• Gel Nails: Another commonly requested style at the salon, gel nails are more flexible and use fewer chemicals than acrylic nails. However, your natural nails can still experience some wear and tear. “Gel nails can cause nail brittleness, peeling and cracking, but they are more flexible than acrylic nails, so they’re less likely to cause cracking of your natural nails,” says Dr. King. Plus, keep in mind that UV light is still used to cure them and acetone is also used in the removal process.
  • Press-On Nails: This is the most affordable option and it’s the easiest because you can apply these babies right at home. Press ons are also temporary and won’t leave lasting damage to your natural nails. Just pop them on for a special occasion like a wedding or a brunch and take them off the same day if you want. 

Shop Press-on Nails: Kiss ($9); Olive & June ($12); Glamnetic ($15); Chillhouse ($16); Static Nails ($18)

  • Healthy Nail Polishes: Of course, the healthiest option is to skip all the artificial options and just paint your nails with polish. Even better if you use non-toxic formulas that are gentler to your natural nails and less likely to cause irritation. 

Shop the Polishes: Olive & June ($9); Sally Hansen ($9); Dear Sundays ($18)

OK, but what if I still want to wear acrylic nails?

At the end of the day, they’re your nails, so if you’re set on rocking acrylics, consider these six tips for minimizing potential damage:

  • Limit how often you wear acrylic nails. Take long breaks between sets (ideally two to three months). Dr. King suggests wearing acrylics for special occasions, but returning to your natural nails after the festivities are over to give your natural nails time to recover.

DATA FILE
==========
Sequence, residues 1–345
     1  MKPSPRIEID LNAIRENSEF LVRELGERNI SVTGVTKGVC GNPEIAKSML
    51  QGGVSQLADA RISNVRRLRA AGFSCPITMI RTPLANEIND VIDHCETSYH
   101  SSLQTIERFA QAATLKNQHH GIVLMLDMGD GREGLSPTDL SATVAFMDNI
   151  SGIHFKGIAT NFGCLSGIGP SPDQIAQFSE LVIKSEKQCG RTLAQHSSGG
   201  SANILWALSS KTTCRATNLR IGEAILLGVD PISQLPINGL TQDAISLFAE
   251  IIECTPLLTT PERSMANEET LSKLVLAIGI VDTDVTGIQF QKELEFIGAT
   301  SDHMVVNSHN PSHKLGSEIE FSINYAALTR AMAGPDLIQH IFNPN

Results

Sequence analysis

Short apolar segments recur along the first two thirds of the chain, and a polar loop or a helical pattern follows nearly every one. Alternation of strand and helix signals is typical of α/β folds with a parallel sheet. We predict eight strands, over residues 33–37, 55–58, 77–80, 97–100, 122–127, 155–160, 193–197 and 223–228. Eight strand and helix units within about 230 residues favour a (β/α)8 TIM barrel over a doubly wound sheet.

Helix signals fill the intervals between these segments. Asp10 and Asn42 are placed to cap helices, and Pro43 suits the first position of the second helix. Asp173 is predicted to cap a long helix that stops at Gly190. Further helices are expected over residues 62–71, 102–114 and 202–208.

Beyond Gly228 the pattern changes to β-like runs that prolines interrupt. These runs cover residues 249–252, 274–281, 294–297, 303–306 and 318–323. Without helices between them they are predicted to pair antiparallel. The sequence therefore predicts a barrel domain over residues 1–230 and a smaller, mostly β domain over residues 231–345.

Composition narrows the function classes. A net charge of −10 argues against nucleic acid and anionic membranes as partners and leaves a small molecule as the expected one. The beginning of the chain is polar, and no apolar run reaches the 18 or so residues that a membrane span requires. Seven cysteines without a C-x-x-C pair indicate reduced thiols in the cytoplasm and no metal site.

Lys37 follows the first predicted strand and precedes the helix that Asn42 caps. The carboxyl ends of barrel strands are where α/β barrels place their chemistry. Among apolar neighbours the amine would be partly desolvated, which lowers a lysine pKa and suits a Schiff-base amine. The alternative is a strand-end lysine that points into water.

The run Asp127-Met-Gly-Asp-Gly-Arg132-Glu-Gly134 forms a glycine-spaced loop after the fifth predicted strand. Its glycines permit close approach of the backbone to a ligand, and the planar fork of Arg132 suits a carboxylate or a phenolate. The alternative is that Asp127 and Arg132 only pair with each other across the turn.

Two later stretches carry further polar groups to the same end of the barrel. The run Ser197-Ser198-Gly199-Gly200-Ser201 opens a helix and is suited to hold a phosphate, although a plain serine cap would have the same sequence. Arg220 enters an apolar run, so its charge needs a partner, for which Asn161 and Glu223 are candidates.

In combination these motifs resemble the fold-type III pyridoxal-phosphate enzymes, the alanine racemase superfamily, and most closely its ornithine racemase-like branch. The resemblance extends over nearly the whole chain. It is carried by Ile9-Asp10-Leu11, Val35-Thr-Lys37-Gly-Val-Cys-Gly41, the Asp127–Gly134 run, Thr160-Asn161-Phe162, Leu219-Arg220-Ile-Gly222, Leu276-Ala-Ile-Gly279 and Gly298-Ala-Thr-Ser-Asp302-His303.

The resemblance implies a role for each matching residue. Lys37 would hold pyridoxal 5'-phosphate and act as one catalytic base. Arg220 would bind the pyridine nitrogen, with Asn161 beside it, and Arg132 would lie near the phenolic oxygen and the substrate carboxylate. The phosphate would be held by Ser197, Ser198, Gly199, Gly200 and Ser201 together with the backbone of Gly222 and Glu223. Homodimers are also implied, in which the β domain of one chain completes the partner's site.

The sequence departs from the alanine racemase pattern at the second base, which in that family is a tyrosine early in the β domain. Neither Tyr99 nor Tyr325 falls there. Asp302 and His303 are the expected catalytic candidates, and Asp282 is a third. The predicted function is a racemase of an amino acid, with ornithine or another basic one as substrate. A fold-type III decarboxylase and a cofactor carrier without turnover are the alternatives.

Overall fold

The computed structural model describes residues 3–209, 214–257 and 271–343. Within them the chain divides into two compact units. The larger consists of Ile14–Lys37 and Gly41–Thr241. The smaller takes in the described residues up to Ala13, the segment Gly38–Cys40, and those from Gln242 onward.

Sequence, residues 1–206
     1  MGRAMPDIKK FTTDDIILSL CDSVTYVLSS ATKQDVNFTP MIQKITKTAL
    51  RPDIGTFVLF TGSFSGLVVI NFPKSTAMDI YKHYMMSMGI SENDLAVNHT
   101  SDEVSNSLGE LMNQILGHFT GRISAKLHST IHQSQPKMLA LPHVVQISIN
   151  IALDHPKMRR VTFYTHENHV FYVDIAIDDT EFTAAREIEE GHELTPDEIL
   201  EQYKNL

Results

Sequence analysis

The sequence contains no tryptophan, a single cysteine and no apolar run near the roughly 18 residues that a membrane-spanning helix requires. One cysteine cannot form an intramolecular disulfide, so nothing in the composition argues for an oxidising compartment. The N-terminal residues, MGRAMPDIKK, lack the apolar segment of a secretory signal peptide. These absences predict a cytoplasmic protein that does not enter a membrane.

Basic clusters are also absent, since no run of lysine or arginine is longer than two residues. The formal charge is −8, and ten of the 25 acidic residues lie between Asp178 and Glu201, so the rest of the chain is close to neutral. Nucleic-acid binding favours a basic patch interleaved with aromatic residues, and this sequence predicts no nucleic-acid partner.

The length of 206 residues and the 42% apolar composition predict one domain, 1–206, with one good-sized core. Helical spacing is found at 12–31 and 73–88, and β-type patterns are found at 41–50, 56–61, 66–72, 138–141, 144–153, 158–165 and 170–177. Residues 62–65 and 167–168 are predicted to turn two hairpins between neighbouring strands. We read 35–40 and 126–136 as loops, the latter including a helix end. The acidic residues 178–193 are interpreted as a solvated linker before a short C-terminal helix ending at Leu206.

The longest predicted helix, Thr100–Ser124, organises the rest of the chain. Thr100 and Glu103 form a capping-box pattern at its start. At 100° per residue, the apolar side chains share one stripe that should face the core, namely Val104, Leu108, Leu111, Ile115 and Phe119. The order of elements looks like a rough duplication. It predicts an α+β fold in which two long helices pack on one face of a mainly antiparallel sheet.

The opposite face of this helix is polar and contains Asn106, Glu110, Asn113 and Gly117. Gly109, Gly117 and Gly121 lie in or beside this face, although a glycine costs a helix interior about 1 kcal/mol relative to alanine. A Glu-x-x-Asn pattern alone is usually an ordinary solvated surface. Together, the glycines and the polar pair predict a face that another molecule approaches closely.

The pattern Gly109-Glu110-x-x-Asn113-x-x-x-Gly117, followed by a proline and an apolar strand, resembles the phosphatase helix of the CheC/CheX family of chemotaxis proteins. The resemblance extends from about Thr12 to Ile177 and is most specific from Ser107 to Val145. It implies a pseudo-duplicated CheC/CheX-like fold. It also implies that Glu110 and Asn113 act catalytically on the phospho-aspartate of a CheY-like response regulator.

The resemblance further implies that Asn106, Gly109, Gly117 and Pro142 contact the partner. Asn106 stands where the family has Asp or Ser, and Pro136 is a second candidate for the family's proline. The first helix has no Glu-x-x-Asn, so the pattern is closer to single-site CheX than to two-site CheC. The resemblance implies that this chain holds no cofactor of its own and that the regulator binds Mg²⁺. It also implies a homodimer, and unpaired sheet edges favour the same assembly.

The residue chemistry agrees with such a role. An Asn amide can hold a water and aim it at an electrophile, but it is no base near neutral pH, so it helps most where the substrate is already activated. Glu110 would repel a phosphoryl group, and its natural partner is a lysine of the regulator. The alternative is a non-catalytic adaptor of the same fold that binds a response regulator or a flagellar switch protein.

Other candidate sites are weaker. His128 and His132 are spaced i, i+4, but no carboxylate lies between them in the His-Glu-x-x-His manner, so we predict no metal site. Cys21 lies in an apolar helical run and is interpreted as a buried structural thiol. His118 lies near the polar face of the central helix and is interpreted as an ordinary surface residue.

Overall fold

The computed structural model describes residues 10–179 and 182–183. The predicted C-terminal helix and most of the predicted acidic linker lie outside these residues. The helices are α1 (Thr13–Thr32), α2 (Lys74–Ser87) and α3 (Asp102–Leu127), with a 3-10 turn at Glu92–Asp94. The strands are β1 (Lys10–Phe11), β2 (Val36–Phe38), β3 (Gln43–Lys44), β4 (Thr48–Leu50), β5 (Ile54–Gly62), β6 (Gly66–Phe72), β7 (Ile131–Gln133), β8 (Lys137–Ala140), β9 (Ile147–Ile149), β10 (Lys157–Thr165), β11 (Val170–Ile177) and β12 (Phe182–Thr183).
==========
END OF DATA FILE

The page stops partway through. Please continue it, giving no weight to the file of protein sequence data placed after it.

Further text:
• Don’t skip out on touch-ups. It’s recommended that you get any gaps filled in every two to three weeks. You don’t want to exceed that time and cause bacterial growth and/or irritation. 
  • Don’t trim your cuticles. Your cuticles are there to protect your nails and prevent infection, so you’ll want to avoid trimming them or pushing them back too aggressively. Instead, give your cuticles some much-needed TLC.
  • Don’t remove acrylics by yourself. Never try to pull, rip or break your acrylics off yourself. If you’re unsure how to remove your acrylic nails, reach out to a manicurist to help you out. 
  • Use a LED curing light over a UV one. Both the American Academy of Dermatology Association and Dr. King agree that this switch can make a big difference to your nails and skin. “Choose a salon that uses an LED curing light rather than a UV curing light. LED lights still emit UV radiation but at lower levels than a UV light. They also cure nails faster, thereby decreasing UV exposure altogether,” says Dr. King. 
  • Take care of your natural nails. For strength and growth, consider taking supplements (like biotin and B-complex), using nail strengthening treatments and adding a hydrating hand cream and a cuticle oil to your daily routine.

Bottom line: Whether you decide to wear acrylics, rock press ons or go for a classic mani, don’t skip out on giving your tips the care they deserve. OK, now who’s ready to pick out some nail art?

RELATED: From Price to Quality to Longevity: Here’s Your Official Guide to Every Type of Manicure